Disposal of assets situated abroad: Example 1
Miss B sells an asset for net disposal proceeds of US $160,000 at a time when the sterling equivalent is £100,000. The proceeds include a gain of £25,000 equivalent to US $40,000. She pays US $120,000 into one bank account and US $40,000 into another bank account. Subsequently she transfers US $60,000 to the UK out of the first bank account. Note that there is no conversion of the dollars into sterling.
She may argue that since the payments to the bank accounts were equal respectively to the amount of the capital and the amount of the capital gain included in the disposal proceeds she has split those proceeds into capital and capital gains. She will then argue that, because she has imported money from an account containing only capital, she is not liable to Capital Gains Tax as a result of bringing the money to the UK.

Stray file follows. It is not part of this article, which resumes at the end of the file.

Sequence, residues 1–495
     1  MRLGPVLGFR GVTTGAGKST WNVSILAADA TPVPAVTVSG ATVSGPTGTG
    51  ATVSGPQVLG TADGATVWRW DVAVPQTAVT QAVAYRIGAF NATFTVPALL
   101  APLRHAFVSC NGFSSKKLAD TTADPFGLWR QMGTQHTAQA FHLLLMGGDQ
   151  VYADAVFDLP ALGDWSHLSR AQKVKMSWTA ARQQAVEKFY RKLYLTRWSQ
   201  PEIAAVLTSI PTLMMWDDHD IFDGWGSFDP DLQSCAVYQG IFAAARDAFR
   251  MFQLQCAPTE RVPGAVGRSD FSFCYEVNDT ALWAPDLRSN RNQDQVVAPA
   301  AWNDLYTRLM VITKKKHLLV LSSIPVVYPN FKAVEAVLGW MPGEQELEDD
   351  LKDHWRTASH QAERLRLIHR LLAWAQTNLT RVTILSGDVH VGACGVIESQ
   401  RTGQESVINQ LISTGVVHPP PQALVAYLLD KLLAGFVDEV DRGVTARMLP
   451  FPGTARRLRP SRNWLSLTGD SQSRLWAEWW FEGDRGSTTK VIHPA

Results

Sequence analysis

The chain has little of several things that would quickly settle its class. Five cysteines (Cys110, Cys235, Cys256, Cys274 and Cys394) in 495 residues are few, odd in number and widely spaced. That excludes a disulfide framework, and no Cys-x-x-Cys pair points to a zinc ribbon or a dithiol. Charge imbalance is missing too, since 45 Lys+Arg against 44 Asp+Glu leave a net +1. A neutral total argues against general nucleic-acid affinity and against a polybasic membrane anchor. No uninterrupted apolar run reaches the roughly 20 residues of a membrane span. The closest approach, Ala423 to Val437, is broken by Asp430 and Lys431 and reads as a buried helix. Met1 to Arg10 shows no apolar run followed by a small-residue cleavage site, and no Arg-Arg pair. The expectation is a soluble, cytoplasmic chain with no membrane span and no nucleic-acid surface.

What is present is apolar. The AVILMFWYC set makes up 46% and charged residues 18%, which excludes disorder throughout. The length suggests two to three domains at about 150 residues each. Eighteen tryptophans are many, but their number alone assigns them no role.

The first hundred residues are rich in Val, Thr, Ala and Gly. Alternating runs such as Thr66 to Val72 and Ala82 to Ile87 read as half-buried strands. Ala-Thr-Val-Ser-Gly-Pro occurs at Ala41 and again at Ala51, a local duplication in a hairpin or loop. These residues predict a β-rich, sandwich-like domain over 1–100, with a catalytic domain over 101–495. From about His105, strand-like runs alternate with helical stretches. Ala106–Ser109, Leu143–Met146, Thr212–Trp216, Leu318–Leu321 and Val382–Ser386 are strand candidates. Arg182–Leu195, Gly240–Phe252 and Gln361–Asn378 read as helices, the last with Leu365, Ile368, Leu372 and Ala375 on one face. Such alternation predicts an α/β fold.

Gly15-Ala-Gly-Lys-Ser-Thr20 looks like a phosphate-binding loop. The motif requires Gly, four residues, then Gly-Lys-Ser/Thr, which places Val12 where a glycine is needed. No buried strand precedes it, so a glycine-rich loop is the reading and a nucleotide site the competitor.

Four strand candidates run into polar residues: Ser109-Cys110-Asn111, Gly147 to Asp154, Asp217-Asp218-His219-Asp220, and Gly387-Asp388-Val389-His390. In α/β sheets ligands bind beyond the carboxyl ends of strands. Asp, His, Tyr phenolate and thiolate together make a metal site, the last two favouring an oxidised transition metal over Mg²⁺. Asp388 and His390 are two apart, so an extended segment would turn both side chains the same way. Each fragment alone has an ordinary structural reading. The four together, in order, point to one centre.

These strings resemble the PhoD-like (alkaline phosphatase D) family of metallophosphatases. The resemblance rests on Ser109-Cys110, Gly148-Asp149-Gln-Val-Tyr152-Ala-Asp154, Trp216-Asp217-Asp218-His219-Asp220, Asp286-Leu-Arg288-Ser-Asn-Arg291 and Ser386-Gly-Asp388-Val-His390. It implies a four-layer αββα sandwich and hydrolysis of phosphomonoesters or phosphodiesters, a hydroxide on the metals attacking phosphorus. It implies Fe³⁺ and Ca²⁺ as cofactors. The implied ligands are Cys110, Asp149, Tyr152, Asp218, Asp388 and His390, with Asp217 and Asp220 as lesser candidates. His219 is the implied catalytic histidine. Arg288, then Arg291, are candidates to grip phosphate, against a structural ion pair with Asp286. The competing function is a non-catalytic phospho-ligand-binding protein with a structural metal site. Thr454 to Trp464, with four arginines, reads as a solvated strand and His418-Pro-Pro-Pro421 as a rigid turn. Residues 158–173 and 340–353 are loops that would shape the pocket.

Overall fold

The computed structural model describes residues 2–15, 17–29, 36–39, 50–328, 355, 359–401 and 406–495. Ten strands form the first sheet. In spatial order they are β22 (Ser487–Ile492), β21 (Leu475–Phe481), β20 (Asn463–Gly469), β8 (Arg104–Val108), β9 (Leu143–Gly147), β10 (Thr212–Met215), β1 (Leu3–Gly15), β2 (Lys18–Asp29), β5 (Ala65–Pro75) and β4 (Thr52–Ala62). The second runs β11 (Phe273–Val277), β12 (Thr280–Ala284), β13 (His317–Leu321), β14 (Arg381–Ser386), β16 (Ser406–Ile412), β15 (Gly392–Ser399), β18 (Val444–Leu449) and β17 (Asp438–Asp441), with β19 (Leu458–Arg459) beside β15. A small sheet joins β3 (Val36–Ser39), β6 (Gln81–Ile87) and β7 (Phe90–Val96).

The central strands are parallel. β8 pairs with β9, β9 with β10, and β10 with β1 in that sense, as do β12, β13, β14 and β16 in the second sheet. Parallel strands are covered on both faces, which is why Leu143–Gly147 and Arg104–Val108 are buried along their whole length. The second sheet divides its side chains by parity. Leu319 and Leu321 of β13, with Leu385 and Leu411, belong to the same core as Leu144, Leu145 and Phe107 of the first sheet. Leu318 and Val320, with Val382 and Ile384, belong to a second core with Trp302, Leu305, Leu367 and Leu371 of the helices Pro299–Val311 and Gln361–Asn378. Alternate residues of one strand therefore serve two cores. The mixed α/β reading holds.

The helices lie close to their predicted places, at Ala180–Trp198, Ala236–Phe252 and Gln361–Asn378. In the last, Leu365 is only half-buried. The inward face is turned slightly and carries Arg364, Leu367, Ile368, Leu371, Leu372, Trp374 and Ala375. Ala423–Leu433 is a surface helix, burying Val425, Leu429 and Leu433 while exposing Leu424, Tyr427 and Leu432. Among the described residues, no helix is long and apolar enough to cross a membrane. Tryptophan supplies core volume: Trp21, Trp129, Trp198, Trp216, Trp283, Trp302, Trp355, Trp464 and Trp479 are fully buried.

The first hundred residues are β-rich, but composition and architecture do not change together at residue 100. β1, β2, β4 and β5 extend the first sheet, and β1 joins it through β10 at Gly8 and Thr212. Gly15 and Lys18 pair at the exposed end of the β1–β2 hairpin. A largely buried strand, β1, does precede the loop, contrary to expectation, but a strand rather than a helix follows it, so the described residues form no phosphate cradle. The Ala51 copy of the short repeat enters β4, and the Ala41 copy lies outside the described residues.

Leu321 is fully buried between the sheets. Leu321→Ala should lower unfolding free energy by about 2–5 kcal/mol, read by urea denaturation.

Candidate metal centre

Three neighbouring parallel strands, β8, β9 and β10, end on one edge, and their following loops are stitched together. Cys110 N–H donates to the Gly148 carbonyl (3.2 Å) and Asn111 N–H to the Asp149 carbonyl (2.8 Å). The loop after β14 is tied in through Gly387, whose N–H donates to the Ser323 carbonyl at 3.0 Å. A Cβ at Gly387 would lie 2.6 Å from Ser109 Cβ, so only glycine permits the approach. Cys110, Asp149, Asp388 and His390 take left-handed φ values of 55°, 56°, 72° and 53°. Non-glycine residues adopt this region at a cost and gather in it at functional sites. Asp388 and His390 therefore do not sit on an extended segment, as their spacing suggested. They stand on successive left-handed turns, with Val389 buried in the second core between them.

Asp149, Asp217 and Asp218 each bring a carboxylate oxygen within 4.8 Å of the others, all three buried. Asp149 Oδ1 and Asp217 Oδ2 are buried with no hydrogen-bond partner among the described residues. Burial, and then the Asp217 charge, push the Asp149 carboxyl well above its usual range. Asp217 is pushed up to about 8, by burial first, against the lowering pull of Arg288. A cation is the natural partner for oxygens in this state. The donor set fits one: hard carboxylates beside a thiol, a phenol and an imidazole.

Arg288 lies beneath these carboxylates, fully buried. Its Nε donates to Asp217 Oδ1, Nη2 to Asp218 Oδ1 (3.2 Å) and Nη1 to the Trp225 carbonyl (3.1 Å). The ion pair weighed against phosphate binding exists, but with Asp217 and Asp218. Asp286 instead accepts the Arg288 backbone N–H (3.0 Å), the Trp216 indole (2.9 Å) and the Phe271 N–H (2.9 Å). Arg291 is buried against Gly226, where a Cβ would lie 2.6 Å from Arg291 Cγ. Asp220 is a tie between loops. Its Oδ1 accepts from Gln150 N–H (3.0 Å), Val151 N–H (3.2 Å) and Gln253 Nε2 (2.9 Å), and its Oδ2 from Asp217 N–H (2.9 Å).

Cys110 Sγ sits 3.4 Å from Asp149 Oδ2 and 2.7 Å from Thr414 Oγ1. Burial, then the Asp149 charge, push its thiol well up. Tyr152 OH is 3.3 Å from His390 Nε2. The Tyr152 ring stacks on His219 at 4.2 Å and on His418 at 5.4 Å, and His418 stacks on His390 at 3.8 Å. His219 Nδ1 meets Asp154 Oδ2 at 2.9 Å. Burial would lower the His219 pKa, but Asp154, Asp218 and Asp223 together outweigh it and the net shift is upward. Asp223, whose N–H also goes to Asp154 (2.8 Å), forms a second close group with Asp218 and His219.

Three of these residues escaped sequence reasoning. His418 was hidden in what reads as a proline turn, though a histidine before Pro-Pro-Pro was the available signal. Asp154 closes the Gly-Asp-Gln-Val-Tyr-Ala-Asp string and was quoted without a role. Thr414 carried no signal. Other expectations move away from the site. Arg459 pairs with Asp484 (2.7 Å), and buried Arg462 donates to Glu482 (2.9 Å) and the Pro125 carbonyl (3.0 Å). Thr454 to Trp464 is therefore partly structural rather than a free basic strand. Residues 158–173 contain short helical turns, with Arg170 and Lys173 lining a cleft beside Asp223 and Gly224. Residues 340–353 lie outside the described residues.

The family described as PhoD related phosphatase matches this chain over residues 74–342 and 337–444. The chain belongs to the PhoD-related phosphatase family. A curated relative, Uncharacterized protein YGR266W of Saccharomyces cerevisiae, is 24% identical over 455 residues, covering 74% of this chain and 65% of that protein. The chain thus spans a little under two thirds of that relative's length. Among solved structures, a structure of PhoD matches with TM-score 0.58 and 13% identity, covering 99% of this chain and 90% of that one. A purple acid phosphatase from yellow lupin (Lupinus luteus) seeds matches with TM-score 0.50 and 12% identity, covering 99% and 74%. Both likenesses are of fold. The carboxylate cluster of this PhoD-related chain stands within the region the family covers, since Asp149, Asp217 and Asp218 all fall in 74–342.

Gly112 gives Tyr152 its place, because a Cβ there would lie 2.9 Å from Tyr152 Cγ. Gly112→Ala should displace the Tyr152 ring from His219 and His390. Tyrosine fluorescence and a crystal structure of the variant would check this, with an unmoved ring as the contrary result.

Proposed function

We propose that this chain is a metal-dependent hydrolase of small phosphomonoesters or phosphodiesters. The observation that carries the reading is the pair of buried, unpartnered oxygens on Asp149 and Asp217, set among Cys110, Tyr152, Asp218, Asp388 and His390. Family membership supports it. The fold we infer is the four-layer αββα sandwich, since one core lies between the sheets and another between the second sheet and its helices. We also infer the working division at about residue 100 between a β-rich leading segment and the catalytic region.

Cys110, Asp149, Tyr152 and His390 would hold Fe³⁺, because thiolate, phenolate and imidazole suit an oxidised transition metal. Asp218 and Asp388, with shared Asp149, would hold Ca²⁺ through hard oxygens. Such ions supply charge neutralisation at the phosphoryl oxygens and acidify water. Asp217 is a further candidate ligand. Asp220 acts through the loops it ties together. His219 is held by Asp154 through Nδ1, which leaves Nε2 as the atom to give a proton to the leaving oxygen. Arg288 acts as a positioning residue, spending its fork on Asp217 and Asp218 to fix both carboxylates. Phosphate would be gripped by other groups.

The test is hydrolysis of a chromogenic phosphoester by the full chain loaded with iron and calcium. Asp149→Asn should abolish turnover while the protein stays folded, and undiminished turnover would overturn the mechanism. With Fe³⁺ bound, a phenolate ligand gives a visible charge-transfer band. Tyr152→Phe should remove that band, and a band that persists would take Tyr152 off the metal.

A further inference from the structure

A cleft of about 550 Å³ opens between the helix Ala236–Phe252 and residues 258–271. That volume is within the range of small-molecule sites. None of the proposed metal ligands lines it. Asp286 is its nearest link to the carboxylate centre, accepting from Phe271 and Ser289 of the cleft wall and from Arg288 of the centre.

This is incorrect. Both bank accounts are mixed funds which contain foreign chargeable gains and capital in the ratio 1:3 (ie 25,000:75,000). By transferring US$60,000 to the UK out of an account which contains US$120,000 in total ($30,000 gains plus $90,000 capital), under the mixed fund rules (see CG25380+) Miss B has remitted US$30,000 of her foreign chargeable gains and US$30,000 capital. (The money transferred out of the mixed fund is identified with the gains in priority over the capital.) The $60,000 remaining in the account is wholly capital.